JPMorgan IB Risk Bonuses

mrvau's picture
Rank: Baboon | 164

I recently accepted an offer to join an IB Credit Risk team at JPMorgan.

I wanted to know if anyone is currently in this program. Any idea about how are ANALYST BONUSES compared to being in other teams in the IBD (such as M&A, Leveraged Finance, etc)??? What about exit opportunities? What about staying in an IB as an Associate?

Comments (84)

Oct 24, 2009

very interested as well!

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Oct 24, 2009

Not sure at JPM, but I have a friend at Barclays working as a credit risk analyst. I wouldn't categorize him as a member of IBD, more just a function of their Capital Markets division. I'm unfamiliar with someone working credit risk in IBD. Anyways, he got like 60-65k his first year and his bonus was like 5-7% of his salary.

Hope this is helpful, although we may not be talking about the exact same position. If you are not in an industry group, M&A team, etc I wouldn't expect IBD level bonuses.

Oct 24, 2009

According to JPM's career website (http://careers.jpmorgan.com/student/jpmorgan/caree...), even the training program is the same as for all other Investment Banking analysts:

"The Global Investment Banking program gives Analysts who will be working in investment banking, debt or equity origination, corporate banking, equity research or credit risk the technical skills they need to succeed."

"Training is interdisciplinary, and you will learn about the firm's strategy and culture, as well as about the broader Investment Bank. Specific segments of the program focus on core skills such as financial modeling, valuation analytics, accounting, corporate finance, economics, equity capital markets, debt capital markets and risk analysis. You'll also be trained on topics that cover financial instruments and real-world applications of theoretical concepts."

So what do you think... is this front office or middle office? And, more importantly, HOW ARE BONUSES COMPARED TO IBD ANALYSTS? (the salary, by the way, is just the same)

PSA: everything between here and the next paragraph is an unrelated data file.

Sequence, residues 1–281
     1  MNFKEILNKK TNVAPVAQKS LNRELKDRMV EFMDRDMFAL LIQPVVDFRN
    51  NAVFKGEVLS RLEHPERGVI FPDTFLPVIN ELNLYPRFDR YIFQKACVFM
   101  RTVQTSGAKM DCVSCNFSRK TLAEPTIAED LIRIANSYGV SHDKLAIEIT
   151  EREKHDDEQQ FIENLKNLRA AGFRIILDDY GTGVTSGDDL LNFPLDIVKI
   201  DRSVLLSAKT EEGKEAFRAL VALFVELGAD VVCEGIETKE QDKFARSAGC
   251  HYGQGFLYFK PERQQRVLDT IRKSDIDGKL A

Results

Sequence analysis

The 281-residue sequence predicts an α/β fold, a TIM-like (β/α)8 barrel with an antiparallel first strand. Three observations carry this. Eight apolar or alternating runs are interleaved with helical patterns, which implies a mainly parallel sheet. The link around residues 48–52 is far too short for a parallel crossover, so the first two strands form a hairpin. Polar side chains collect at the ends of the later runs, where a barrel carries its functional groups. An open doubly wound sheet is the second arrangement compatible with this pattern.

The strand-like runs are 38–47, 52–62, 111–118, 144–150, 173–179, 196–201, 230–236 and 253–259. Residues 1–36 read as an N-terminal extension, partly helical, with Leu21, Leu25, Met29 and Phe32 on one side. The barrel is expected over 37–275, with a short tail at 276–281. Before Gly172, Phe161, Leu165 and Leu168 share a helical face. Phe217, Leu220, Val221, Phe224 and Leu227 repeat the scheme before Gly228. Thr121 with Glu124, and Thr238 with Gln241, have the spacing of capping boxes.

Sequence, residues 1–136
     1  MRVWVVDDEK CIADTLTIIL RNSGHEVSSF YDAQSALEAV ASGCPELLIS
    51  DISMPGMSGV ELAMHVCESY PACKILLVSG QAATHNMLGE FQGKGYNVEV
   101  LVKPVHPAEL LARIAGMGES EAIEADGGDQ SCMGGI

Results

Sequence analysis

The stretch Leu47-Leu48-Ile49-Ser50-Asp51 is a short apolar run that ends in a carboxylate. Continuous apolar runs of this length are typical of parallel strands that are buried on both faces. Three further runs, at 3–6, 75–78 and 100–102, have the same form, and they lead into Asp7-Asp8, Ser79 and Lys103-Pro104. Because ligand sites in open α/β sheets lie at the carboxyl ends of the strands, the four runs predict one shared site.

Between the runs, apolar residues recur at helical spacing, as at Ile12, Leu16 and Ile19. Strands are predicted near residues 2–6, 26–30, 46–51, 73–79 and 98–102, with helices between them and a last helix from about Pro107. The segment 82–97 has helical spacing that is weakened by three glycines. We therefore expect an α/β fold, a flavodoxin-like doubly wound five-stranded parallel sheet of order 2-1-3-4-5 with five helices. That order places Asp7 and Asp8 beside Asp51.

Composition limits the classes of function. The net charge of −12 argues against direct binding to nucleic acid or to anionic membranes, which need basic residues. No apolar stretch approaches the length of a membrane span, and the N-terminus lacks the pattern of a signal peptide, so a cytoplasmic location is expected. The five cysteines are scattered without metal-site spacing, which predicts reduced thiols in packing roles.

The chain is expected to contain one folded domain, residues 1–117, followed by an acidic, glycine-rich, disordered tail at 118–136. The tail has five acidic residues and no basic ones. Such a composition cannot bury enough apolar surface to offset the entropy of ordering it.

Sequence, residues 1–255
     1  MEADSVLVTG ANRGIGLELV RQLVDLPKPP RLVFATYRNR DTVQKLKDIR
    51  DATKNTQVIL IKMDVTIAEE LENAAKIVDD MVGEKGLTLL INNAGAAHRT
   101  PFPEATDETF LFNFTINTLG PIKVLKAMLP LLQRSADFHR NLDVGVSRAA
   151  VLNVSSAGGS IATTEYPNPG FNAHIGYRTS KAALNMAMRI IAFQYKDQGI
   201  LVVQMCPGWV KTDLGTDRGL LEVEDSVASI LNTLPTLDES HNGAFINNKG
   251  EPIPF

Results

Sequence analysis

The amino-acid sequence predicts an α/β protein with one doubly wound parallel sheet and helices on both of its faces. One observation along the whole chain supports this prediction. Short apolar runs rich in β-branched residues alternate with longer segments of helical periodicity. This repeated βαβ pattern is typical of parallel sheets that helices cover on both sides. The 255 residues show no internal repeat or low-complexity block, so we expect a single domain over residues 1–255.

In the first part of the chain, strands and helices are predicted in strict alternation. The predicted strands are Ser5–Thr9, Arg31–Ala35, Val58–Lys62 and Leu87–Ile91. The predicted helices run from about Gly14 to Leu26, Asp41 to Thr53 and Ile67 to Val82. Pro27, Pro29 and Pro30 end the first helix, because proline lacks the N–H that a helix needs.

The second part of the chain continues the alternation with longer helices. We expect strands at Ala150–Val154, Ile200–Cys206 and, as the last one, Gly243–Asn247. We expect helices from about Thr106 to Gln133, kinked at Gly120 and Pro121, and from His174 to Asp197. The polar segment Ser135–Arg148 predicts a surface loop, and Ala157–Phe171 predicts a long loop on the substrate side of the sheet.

Oct 24, 2009

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Oct 25, 2009

I know JPM is different in that the credit guys work with the deal team, but it's technically middle office. The work credit analysts do are not for the client, but for internal purposes.

I'm unsure what the numbers are for credit analysts, but I expect it will be at a significant discount to IBD. My guess would be somewhere in the range of 10k.

Keep in mind that your hours will be significantly better than IBD though. Salaries across all the divisions FO/MO/BO are more or less the same.

You won't have be recruited by headhunters like M&A and Lev Fin, but there will still be opportunity for you to move up within the firm.

Oct 25, 2009

By "there will still be opportunity for you to move up within the firm" do you mean that it could be possible to move up to associate in M&A or Leveraged Finance team without an MBA in between?

Oct 25, 2009
Hybrid:

Keep in mind that your hours will be significantly better than IBD though.

I had a friend who worked in the CRM division of JP this summer, and she ended up working till about 1 every night...

Oct 25, 2009

It's unlikely you'll be able to on the associate level, but after a year or two its possible to switch over to ibd as a 2nd year or 3rd year analyst.

You'll have to network pretty hard, have great reviews, and make sure you know your technicals.

It would be far easier for you to move up in other MO roles or within Risk